My current project analyzes the responsibility of lawyers for the financial crisis through their involvement in the preparation of offering documents for mortgage-backed securities and related financial products.
Although not the main focus of the project, my research has made me skeptical of non-lawyer providers of legal services. It is possible, as some have claimed, that "sophisticated" clients do not need the protection of MR 5.4 and other conduct rules and should be able to retain firms that are not owned by lawyers to complete legal work. But the Model Rules are not solely concerned with client protection. They are also concerned with fostering compliance with the law.
As is now widely-known, one of the chief causes of the financial crisis is that many mortgage loans were extended to borrowers who realistically had no capacity to repay. This was generally not disclosed to individuals who invested in MBS and related products.
Lawyers were integral to the securitization process but had very little role in assuring that loans were fit for sale to investors. Instead financial institutions would hire so-called due diligence firms to examine a sampling of the mortgage loans they planned to acquire from an originator. These due diligence firms would generally provide two weeks training to their reviewers and pay them $30-$40 an hour. The firms themselves would receive a flat fee of $150 for each reviewed mortgage file. Not surprisingly, reviewers were instructed to spend no more than an hour per file so as to maximize the due diligence firms' profits. One of the largest firms, Clayton Holdings, saw its revenue climb from $19 million in 2000 to $239 million in 2006. See generally Robert Kolb, The Financial Crisis of Our Time, 209-211 (2011).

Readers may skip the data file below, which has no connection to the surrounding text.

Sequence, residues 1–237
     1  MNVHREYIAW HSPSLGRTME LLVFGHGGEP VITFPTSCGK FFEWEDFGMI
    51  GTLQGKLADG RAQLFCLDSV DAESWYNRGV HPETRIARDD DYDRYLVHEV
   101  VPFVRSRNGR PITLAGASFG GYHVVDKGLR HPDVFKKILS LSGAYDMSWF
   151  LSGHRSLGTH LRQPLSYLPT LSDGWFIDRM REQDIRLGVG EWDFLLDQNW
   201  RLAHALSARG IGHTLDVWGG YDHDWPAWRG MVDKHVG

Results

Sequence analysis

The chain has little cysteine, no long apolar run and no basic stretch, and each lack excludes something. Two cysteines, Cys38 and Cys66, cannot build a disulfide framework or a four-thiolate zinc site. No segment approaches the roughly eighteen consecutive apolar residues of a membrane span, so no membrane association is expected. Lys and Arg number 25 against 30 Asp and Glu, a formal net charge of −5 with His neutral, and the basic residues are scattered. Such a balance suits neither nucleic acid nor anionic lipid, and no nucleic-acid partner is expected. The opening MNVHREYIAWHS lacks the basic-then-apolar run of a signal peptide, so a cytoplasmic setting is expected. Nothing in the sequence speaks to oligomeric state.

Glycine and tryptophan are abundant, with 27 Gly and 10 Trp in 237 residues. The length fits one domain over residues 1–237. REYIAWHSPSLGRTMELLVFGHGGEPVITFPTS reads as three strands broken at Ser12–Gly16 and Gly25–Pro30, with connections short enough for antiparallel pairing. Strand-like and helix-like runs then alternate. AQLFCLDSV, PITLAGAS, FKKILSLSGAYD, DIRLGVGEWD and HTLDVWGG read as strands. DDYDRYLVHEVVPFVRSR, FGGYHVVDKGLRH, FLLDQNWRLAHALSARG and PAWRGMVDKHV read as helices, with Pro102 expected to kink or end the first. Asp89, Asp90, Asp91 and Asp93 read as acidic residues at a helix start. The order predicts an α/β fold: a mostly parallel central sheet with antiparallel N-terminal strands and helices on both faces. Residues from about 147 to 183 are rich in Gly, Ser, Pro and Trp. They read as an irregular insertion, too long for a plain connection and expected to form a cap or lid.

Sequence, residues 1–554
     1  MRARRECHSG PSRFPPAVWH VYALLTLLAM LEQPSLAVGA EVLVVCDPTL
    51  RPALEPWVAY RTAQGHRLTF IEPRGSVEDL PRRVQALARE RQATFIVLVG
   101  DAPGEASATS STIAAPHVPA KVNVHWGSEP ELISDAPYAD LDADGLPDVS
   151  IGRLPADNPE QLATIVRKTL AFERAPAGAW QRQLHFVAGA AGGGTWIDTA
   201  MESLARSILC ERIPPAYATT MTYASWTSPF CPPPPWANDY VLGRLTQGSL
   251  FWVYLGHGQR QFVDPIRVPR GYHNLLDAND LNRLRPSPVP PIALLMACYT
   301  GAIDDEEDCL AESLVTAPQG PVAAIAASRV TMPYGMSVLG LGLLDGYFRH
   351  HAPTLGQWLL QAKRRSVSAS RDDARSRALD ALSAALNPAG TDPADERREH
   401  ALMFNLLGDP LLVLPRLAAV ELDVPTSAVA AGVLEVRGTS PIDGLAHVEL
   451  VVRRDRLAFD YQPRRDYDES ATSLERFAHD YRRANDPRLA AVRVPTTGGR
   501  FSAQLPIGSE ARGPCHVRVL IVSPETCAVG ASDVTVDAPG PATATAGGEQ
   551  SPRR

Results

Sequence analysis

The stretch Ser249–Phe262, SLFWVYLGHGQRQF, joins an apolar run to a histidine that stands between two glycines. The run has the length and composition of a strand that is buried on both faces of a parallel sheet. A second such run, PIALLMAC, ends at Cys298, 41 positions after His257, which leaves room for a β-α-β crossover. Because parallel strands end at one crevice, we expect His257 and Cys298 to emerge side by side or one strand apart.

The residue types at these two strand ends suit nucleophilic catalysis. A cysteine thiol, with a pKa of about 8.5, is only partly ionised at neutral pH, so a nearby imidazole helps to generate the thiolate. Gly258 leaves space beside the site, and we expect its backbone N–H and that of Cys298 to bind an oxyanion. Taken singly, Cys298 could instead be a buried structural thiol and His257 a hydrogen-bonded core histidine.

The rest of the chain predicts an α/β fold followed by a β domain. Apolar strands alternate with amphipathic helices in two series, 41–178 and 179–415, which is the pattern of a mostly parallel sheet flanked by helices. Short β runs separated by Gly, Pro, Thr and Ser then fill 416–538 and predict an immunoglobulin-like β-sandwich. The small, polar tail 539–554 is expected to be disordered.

From one perspective, due diligence firms could be seen as a massive success story. They fill a niche that is not currently being met by traditional law firms. After all, what financial institution would want to pay BigLaw associates hundreds of dollars an hour to look through mortgage files? But the reviews undertaken by due diligence firms were very cursory, and on the few occasions where reviewers did raise concerns, they were overruled by their supervisors or a financial institutions' business personnel. There were few negative consequences until the real estate bubble crashed and almost decimated the global financial system.
The point is not that only lawyers are capable of conducting due diligence. Indeed, in certain circumstances, accountants and other professionals may be better-equipped. But lawyers have ethical responsibilities that non-lawyers do not. They are supposed to, for example, "exercise independent professional judgment and render candid advice" and seek to deter their clients from committing fraud.
Perhaps part of the success of non-lawyer providers of legal services can be explained by the fact that they are less hamstrung by ethical obligations in completing legal and quasi-legal tasks. If a client is intent on a particular course of conduct, why hire lawyers who might be inclined to raise uncomfortable questions about mortgage fraud and responsibilities to investors and seek to stop the conduct in question?